At JFK Airport (above), the first supersonic transatlantic flight from Paris to New York on October 19, 1977.
Mostly flying the transatlantic route, Concorde “commuters” left London at 8.30 am and reached New York for their day’s work. By evening they rocketed home in three hours across the Atlantic, compared to seven hours in 2019.
The Air France Concorde rests in a hangar at JFK airport, after her inaugural transatlantic flight.
Russia and the US attempted a Concorde equivalent. The Boeing 2027 full-scale mockup (above) of the American Supersonic Transport project, at the Boeing Center in Seattle, 1969. After spending a billion dollars the US Senate ended further funding, and Boeing 2027 died in 1971.
Captain Jean-Francois Michel, co-pilot Patrick Delangle and flight engineer Bernard Collette at Charles de Gaulle Airport, Paris, before the final Concorde commercial flight to New York.
Captain Mike Bannister (above) holding the rubber liner to protect the Concorde fuel tanks – measures taken after July 2000 when an Air France Concorde caught fire during takeoff in Paris and crashed into an airport hotel, killing all 109 on board and four people on the ground. A tiny metal strip on the runway ripped the Concorde tire. A tire piece smashed into a fuel tank and caused the fatal fire.
Phoenix rising from the fire, after the Paris disaster. A Concorde takes off to New York on November 7, 2001 (above), 15 months after the fleet was grounded. Some called the grounding an overreaction.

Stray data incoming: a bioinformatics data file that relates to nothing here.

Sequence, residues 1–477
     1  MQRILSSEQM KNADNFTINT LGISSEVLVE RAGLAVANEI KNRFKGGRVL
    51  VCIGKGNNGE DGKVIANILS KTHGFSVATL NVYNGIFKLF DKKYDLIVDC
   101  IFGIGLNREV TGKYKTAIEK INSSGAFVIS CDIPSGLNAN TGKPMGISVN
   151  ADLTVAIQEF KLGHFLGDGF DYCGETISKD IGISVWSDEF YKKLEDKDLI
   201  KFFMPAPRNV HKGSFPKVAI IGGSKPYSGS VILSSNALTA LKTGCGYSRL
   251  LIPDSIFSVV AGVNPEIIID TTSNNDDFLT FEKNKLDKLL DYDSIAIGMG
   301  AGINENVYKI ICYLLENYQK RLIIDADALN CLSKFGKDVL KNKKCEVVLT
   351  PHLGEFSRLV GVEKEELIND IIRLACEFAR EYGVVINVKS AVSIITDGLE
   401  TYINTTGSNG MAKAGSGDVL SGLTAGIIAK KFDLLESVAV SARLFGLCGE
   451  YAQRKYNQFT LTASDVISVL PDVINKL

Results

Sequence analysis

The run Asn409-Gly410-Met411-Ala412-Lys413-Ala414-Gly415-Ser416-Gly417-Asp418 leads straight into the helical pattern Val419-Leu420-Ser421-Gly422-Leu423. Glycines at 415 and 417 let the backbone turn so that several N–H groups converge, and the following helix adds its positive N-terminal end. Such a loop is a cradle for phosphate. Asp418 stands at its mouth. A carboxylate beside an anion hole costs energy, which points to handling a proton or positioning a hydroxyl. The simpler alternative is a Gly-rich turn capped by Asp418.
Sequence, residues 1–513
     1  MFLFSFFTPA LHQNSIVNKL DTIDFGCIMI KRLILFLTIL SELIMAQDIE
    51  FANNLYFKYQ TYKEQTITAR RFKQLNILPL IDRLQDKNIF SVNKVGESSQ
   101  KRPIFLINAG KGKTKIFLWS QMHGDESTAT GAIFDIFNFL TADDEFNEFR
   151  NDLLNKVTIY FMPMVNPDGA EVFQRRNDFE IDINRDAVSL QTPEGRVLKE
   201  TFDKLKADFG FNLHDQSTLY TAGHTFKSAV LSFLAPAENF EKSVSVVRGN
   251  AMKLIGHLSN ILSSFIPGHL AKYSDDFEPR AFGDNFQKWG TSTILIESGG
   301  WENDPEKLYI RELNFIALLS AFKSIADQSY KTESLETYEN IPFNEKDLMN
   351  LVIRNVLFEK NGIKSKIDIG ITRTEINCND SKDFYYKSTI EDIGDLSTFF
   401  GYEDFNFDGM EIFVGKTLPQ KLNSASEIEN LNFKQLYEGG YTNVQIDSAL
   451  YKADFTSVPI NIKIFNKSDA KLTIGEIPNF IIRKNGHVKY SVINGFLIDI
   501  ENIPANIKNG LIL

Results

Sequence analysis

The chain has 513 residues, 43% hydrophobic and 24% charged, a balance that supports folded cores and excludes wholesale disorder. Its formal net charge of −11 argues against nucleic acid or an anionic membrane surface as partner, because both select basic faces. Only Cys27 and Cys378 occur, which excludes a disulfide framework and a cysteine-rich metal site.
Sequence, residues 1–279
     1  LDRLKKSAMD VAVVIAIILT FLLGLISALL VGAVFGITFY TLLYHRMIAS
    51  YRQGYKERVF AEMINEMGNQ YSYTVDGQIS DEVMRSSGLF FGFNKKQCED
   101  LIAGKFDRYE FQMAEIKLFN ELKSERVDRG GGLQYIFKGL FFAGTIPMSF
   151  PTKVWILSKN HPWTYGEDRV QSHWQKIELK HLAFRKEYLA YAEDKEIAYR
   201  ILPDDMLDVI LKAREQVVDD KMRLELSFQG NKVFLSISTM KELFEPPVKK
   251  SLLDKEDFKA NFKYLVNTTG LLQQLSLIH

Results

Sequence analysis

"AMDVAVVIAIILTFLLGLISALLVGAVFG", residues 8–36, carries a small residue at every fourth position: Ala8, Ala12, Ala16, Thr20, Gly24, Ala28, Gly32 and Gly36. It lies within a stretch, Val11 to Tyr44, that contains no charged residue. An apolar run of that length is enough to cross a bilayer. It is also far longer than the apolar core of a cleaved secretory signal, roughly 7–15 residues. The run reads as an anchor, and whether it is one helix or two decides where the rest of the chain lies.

A generation ahead of the “Goliaths,” Concorde “David” waits as a Virgin Atlantic Airbus A330 lands at Heathrow on October 24, 2003. The 62-meter-long Concorde could seat only 90 to 120. But she ruled the skies. Concorde pilots said subsonic jets they saw flying 20,000ft below seemed to be “flying backwards” – the Concorde’s Mach 2 speed was nearly thrice that of modern airliners.
A flight attendant serves gourmet food aboard an Air France Concorde, April 1998. Michelin-star service 18 kilometers above sea level, with the temperature outside minus 70 degrees Celsius. A coin could be balanced on its edge on the food tray – so steady was the Concorde flying at 2,400 km/ hr, 60,000 ft high.
The last flight back home. The final journey to Filton airfield to begin a new life at the Aerospace Museum in Bristol. Britain’s Concorde first flew from Filton 50 years ago.
Optimists await the next supersonic airliner. Prospects include the Airbus hypersonic aircraft at Mach 4.5, four times the speed of sound. It could travel to Vancouver from Bangkok within four hours instead of 15.
Denver-based “Boom Supersonic” co-founder Blake Scholl with a design for a supersonic aircraft, “Baby Boom,” at London’s Farnborough Airshow on July 18, 2018.
Whether or not a successor arrives, the Concorde lives on with her legacy: go beyond fear, beyond “impossible,” beyond barriers.
Afterburners hurtling the Concorde beyond the sound barrier, the four Rolls-Royce/Snecma Olympus engines, the special wings – British Airways Chief Concorde Pilot Mike Bannister explains the unique, unforgotten marvel of our times in this documentary (2002): Concorde – The World’s Greatest Airliner.